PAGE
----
PulseTriniD&D connects fantasy fans

Game-playing group started small, now boasts 180 members
Logan CrewsJanuary 30, 2020623 min
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Photo by Kate Nuelle

TriniD&D began with just a few friends wanting to play Dungeons & Dragons (D&D) together. When juniors Trace Glorioso and Andja Bjeletich became involved with the group during their first year at Trinity, they never imagined that the club would become a Registered Student Organization (RSO) or grow to over 100 members.

Bjeletich said people get involved by joining the TriniD&D GroupMe where games are advertised and memes are enjoyed by all. Today, the TriniD&D GroupMe has grown to 180 members. A few members gather at a time with mile-high stacks of pizza and game campaigns that can last for weeks. Bjeletich is president and Glorioso is secretary of the organization.

D&D requires imagination, allowing players to create their own worlds and characters either in one-shot games whose quests last through one sitting or campaigns whose stories continue every time players return.

“Right now, I’m running a space campaign that involves Baby Yoda and this bean you have to protect with your life, and it should take the rest of this semester and maybe a little into next,” Bjeletich said. “I know of at least four or five campaigns going on including my own.”

D&D is a key plot point in the Netflix series “Stranger Things.” According to Glorioso, the attention from “Stranger Things” has helped the club’s numbers grow in size. After a surge of members came from the Fall Student Involvement Fair, the club has hosted workshops to help new people learn the game. New members are always welcome.

“We’d really like to bring new people in, people who are interested in Dungeons & Dragons [who] saw the opening of Stranger Things and saw them playing and [said], ‘Oh, that looks fun,’” Glorioso said. “We want to bring those people in and help them learn how to play the game if they’re interested in it.”

Although D&D has gained some pop culture clout, players haven’t always been so comfortable advertising their love for the fantasy game. Bjeletich said she’s lucky to go to a school with a large enough nerd population to have a club like TriniD&D.

“I’ve been very excited about D&D probably since, like, middle school, but I was always like, ‘I’m not going to tell anyone I play this because it’s an embarrassing thing and they wouldn’t understand it,’” Bjeletich said. “It’s cool to be a part of a community where this is not only accepted but we’re excited about it and we’re going to talk about it and we’re just going to let ourselves be as nerdy as we’d like to be.”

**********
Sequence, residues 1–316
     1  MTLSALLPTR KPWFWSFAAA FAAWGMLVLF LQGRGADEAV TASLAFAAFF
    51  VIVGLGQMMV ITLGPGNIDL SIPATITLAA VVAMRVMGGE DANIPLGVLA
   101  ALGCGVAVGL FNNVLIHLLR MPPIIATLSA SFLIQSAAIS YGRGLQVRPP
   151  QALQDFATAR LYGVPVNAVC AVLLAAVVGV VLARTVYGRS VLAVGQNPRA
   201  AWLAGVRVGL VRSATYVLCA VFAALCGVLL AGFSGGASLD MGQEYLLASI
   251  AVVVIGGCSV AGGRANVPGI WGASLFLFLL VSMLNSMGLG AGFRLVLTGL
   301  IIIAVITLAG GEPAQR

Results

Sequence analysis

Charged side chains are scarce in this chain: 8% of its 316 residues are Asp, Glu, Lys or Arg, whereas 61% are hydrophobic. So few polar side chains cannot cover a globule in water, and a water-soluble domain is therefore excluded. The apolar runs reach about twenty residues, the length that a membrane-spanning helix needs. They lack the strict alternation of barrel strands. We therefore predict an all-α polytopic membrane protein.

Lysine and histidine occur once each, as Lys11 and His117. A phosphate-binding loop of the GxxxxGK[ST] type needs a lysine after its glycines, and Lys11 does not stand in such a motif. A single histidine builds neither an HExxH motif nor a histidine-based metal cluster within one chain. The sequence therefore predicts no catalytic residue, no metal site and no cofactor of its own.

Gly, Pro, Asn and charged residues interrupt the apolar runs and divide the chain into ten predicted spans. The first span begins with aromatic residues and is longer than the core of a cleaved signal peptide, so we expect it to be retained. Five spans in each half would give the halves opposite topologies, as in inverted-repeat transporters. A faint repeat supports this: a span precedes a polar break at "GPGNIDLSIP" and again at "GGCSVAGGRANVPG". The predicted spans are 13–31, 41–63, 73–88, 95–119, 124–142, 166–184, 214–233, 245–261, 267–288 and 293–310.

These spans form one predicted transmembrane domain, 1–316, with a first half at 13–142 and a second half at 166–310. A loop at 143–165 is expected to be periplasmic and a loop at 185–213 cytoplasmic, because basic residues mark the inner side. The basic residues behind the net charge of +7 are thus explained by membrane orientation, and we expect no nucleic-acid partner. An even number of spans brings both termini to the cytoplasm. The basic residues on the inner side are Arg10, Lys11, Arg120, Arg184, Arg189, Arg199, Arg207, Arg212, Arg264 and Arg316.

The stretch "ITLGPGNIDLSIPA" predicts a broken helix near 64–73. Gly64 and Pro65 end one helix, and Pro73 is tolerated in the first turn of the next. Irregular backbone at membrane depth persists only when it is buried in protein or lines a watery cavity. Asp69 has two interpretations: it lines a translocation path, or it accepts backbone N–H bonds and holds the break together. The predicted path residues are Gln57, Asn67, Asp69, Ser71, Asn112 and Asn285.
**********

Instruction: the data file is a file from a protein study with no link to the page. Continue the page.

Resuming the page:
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Before first-year Nathan Mihalski came to Trinity, his cousin taught him how to be a dungeon master. Dungeon masters set up and lead D&D games, but their job only matters if there’s players to play the game, something Mihalski lacked in high school.

“For me, before this, it was quite hard to get many games, except I was experienced,” Mihalski said. “You can’t just play it alone. I know how to run the games, but I didn’t know that many people to run them with. The club kind of solved the players issue because everyone wants to be in a game.”

Mihalski, now TriniD&D vice president, said he loves meeting new people at Trinity who share his passion for D&D. One way of doing so, according to Glorioso, is just by playing games that introduce players to each other and their characters. The creativity involved in the game is one of Glorioso’s favorite parts.

“If I want to alter the fabric of space and time with my magic, I can do that,” Glorioso said. “If I want to be a valiant hero who can slay the dragon or something like that, I can do that. What’s great about Dungeons & Dragons is that you don’t have to stay in this ‘Lord of the Rings’ style, high fantasy setting. You can go anywhere with it.”

Recently, TriniD&D has teamed up with the Swashbucklers, a living community and social organization, to use Heidi Lounge for monthly game nights. While different campaigns and groups playing one-shots get together every weekend, Glorioso said their first game night all together included multiple one-shot games of D&D, assorted board games and card games and, of course, lots of food.

“I have never had that much fun in college before that point,” Glorioso said. “It was just wonderful, and I really hope we can keep those memories coming for the years to come.”

Logan Crews

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